In 2005, when Michael Bennet wrote the first iteration of The Denver Plan, graduation rates were a big concern across the District just like they are today. The 2005 Denver Plan set a goal of increasing graduation rates by 5% each year.

Based on this goal, DPS' graduation rate for 2010 should be 20 percentage points higher than it was at the end of the 2005/2006 school year, when the grad rate was 51.7%. However, DPS graduated 53% of all its students in 2010. Using CDE's new system, the DPS graduation rate was 51.8%. (That's the rate you probably read in the Denver Post.)

All told, DPS has improved its graduation rate by 1.3% in 5 years. (Restrain yourself from throwing confetti.) Worse yet are what other indicators tell us about the future academic success for Denver's students.

Between the 2005/2006 school year and the 2009/2010 school year, the percent of DPS graduates needing to take remedial course work at the collegiate level has increased from 46% to 59%. (See district remediation rates reported on EdNews Colorado.)

This means simply that, for every 100 DPS graduates going to college, 59 will have to take remedial coarse work to succeed at the collage level. Of course, remedial classes increase the cost for DPS students to attend college because the student gets to pay college tuition rates to review high school level material.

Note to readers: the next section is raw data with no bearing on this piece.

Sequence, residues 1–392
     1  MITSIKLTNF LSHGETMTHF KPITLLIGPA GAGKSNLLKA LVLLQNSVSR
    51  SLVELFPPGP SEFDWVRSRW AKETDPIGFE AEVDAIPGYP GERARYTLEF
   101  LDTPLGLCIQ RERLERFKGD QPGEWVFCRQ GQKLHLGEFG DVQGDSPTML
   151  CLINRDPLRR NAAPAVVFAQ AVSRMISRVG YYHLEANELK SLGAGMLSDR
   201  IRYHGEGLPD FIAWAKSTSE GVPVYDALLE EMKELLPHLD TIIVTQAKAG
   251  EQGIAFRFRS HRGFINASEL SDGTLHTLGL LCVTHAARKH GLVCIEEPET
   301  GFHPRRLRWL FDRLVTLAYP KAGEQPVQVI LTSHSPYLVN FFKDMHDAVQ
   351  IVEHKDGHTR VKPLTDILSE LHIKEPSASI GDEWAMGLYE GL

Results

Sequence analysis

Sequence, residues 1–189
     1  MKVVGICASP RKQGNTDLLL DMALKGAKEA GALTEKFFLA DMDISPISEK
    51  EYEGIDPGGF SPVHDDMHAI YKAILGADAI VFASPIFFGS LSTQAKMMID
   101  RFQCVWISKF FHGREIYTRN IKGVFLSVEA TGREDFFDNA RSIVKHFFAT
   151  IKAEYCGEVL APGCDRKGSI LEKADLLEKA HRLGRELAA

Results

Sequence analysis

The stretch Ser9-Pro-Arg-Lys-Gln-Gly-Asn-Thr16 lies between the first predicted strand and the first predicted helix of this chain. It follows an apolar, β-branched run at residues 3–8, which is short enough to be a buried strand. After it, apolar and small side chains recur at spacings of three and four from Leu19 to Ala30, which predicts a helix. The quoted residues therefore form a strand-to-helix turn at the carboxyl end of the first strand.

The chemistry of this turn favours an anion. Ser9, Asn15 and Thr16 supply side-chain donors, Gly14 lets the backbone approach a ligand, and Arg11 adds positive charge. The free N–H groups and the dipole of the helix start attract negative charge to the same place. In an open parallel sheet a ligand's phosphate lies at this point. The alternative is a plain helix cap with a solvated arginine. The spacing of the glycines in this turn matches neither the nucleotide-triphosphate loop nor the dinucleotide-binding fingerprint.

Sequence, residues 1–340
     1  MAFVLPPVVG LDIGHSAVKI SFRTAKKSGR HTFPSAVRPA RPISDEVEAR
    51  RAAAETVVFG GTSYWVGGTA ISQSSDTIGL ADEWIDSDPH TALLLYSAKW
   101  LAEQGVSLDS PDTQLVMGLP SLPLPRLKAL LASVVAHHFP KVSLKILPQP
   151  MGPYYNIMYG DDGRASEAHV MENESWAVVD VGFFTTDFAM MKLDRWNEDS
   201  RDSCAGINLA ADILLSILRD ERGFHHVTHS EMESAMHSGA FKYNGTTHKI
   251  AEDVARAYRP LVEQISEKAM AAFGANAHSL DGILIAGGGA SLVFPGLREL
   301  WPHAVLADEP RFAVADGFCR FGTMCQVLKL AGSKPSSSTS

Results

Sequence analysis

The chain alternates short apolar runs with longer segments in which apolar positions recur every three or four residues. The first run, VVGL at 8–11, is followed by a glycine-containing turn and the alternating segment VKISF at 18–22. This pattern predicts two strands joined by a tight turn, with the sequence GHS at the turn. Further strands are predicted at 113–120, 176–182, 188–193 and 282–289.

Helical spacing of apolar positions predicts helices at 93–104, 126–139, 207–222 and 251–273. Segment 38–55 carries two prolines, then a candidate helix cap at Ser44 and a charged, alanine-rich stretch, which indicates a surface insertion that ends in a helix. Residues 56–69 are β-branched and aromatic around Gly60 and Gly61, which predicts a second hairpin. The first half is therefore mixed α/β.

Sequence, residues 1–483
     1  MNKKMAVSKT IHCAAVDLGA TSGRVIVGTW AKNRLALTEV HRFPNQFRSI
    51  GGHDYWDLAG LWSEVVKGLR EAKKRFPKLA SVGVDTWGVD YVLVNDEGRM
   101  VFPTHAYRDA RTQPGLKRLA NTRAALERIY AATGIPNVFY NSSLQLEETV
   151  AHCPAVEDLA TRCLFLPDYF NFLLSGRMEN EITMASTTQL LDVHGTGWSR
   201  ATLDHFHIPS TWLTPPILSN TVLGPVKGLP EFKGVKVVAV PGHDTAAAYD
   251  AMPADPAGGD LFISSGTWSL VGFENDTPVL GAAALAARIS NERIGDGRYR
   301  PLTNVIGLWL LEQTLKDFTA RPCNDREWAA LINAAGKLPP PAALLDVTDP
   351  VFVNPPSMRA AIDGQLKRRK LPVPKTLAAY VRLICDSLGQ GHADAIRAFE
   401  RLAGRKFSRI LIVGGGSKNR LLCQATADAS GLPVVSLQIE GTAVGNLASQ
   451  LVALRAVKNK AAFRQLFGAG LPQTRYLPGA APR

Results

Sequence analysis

Further, the remediation rates suggest that, while DPS has been able to maintain its graduation rate over the past 5 years, the academic value of a DPS diploma has diminished.

Think of it this way: if the academic rigor associated with graduation requirements is dumbed down, you would expect to see an increase in the amount of remedial course work a student must take upon entering college. That is exactly what is happening to DPS students: over the past 5 years, about 50% of students graduate from DPS but an increasing number of those students need remedial classes to succeed in college.

All of these data are aggregate, however. To get an understanding of how poorly DPS serves its primary population, minority students, one has to go inside the numbers a bit more.

CSAP proficiency percentiles are based on all students taking the CSAP in DPS.